co j = e/(p + e)[yoj-kj-gj + q ( yy + ( % + M j ) / M i ) ( y1 H + y i p X i - e y e ) ] (2i )

Unlike the environment with multiple currencies, the equilibrium under the monetary union does not require that, at the national level, the present value of consumption equals the present value of output. This is because, with a second period monetary union, the higher is the fraction of the world money stock, M \ , held by country j , the higher is j ' s purchasing power, and therefore the higher is its wealth. The fraction of the world money stock held by country j is determined by (a) its first period money supply Mj, carried over by residents of j , and (b) the transfer Xj from the Eurofed. As discussed in the previous section, we assume that Mj is common across countries, since we assume first period monetary growth convergence preceding the union. Thus a country's share of second period world money supply, and therefore its wealth, is directly affected only by the transfer policies of the Eurofed.

Equilibrium holdings of real balances, and nominal interest rates in each country, i n a monetary union, are written as:

Moj/pojU-qj) = Mj/Poj(l-qj) = ( 1 - 6)/9 CQJ (22)

M y / p ^ d - e y c j ! (23)

qj = q(PQj /Pi) = P ( cj 0 /Cji) (Cji/Cjo) ( 1 - qj) = p / ( l + P ) (24)

In the first period, the individual country money markets must clear, with country j residents holding all country j currency, i n equilibrium. I n the second period, the world money market clears. Given the assumptions made about monetary policy, the nominal interest rate under a monetary union is the same as under multiple currencies.

Using these solutions, we may state:

Result 3: With identical first period income and government spending rates

across countries, and zero transfers, the competitive equilibrium under a monetary union is the same as that under independent budget constraints.

To show this j u s t take (21), setting q = P ( y0 - g o - k0) / y i , X ^ O , and


Coj = y o - k0 g o

-This result is hardly surprising, since w i t h complete symmetry each country must consume half of world output, after investment and government spending have been taken away. I state the result principally because i n the symmetric Nash equilibrium of the game between fiscal authorities outlined below, transfers between countries through the Eurofed are i n fact zero, yet we shall see that the incentives i n the game under a monetary union lead to very different outcomes than those under independent budget constraints.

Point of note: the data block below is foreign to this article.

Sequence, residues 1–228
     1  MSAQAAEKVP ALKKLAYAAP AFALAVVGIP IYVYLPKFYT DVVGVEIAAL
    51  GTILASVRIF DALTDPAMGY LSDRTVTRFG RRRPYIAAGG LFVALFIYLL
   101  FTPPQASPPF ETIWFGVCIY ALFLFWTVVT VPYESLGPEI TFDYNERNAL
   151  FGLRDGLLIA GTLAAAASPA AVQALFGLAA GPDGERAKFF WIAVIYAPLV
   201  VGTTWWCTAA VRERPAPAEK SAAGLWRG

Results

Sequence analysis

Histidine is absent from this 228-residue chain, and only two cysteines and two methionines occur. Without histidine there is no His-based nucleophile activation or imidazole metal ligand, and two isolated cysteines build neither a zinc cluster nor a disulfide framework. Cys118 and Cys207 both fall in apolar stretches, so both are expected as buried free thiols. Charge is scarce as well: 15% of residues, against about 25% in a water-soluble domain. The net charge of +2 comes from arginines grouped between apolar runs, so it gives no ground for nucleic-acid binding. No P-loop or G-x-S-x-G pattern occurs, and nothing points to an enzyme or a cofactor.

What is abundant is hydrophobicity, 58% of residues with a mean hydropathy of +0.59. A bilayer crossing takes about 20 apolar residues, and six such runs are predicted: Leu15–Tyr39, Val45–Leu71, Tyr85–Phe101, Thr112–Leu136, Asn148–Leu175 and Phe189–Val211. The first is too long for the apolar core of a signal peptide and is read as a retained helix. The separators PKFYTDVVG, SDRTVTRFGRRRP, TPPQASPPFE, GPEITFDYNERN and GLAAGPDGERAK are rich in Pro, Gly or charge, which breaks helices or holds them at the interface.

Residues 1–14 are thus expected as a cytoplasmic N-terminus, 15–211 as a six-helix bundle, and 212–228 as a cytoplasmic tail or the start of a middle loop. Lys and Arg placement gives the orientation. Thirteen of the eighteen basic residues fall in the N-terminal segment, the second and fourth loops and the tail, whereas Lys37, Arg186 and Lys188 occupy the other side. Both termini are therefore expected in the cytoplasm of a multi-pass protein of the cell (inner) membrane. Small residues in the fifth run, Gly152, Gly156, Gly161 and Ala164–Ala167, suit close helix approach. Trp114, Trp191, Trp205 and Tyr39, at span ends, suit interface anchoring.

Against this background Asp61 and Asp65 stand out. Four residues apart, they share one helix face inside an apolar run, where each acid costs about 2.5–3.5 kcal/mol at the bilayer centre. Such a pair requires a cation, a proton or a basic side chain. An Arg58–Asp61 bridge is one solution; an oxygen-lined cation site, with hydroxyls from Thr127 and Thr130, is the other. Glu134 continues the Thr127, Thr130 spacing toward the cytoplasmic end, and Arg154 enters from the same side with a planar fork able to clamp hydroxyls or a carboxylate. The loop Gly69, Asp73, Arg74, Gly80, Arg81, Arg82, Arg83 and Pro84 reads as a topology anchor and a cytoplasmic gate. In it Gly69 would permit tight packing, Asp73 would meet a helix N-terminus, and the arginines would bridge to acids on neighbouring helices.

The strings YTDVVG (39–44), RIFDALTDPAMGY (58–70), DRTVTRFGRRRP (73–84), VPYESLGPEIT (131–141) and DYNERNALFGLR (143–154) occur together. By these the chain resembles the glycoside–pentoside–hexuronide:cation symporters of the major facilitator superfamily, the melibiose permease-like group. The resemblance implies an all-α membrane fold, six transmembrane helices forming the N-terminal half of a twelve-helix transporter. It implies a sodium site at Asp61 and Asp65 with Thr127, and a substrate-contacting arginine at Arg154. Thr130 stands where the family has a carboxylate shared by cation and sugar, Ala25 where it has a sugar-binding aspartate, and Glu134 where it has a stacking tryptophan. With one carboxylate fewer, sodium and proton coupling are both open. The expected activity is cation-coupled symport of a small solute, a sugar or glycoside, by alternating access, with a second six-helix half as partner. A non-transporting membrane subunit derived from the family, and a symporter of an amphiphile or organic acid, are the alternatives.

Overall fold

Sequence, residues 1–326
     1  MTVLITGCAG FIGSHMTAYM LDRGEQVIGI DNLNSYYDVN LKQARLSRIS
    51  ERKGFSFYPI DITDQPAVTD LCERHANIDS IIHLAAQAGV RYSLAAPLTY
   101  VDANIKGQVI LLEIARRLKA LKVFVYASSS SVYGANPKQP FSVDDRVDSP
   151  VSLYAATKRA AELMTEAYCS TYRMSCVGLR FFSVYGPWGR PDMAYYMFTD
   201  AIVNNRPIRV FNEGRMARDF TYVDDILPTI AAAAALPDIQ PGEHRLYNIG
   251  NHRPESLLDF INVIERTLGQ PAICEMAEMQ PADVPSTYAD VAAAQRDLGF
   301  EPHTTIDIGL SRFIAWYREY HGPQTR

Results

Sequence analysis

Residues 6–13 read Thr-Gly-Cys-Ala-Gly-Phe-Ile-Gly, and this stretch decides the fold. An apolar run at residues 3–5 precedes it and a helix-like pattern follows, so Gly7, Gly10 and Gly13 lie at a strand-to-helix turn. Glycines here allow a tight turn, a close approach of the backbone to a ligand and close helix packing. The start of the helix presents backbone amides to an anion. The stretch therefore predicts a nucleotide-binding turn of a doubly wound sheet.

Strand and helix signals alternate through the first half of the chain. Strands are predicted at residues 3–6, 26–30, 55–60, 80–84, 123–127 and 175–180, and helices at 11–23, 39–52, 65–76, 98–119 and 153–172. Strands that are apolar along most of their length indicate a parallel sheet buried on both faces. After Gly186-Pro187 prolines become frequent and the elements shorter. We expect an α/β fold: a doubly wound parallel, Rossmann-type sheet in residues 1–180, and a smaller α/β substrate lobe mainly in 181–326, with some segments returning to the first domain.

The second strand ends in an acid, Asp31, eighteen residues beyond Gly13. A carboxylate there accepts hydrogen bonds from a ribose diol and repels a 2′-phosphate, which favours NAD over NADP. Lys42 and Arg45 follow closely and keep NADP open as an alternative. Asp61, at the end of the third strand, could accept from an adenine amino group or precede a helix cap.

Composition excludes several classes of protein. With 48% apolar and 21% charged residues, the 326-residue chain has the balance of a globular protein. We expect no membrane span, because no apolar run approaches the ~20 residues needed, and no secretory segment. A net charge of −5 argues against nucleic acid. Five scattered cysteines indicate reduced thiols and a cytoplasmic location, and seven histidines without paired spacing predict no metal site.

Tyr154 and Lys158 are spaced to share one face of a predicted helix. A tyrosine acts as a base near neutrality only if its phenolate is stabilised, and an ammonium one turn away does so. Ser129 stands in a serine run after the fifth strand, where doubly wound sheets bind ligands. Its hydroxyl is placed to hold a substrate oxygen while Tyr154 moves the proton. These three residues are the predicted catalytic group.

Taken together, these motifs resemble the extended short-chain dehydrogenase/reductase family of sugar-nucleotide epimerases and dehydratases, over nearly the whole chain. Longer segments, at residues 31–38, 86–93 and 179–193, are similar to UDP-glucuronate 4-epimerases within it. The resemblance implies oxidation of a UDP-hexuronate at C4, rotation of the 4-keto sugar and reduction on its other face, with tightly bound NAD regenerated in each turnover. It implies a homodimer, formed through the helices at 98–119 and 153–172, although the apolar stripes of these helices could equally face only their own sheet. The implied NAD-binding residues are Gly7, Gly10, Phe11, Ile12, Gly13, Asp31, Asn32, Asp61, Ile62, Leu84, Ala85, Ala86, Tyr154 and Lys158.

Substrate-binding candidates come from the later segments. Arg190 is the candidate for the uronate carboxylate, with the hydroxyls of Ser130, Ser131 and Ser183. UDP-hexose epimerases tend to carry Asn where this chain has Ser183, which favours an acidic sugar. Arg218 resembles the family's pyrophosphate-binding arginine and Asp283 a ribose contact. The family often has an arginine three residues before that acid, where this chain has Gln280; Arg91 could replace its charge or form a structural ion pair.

Using the solutions to the competitive equilibrium model for the two alternative regimes, I now model the optimal determination of the levels of government spending for the fiscal authorities, and, in the case of a monetary union, the determination of the transfer policy of the Eurofed.

The approach taken is to assume that a fiscal authority i n any country is benevolent i n the sense that i t wishes to maximise utility of the domestic representative agent. However, i t must do this conditional on the solutions to the competitive equilibrium — the fiscal authority is not an omnipotent central planner who chooses all allocations for the economy directly.

Optimal Fiscal Policy under Multiple Currencies

I n choosing gn, the home government will take account of the effect that its choice has on the world real interest rate. Governments are "large players" in a strategic sense. This implies that the action of each government has direct effect on the welfare of the other country. As a result, the determination of gj for each country becomes a game between the two governments. I n this game the strategies of the two players are gH and gp. I now demonstrate that under

the assumptions already made, the Nash equilibrium of this game is efficient. In other words, there are no inefficiencies from "sovereignty" i n fiscal policy when there are multiple currencies. To allow for a complete closed form solution, a further assumption is made here. I n what follows, assume that yi(k) = A ka, for A>0, 0 < a < l .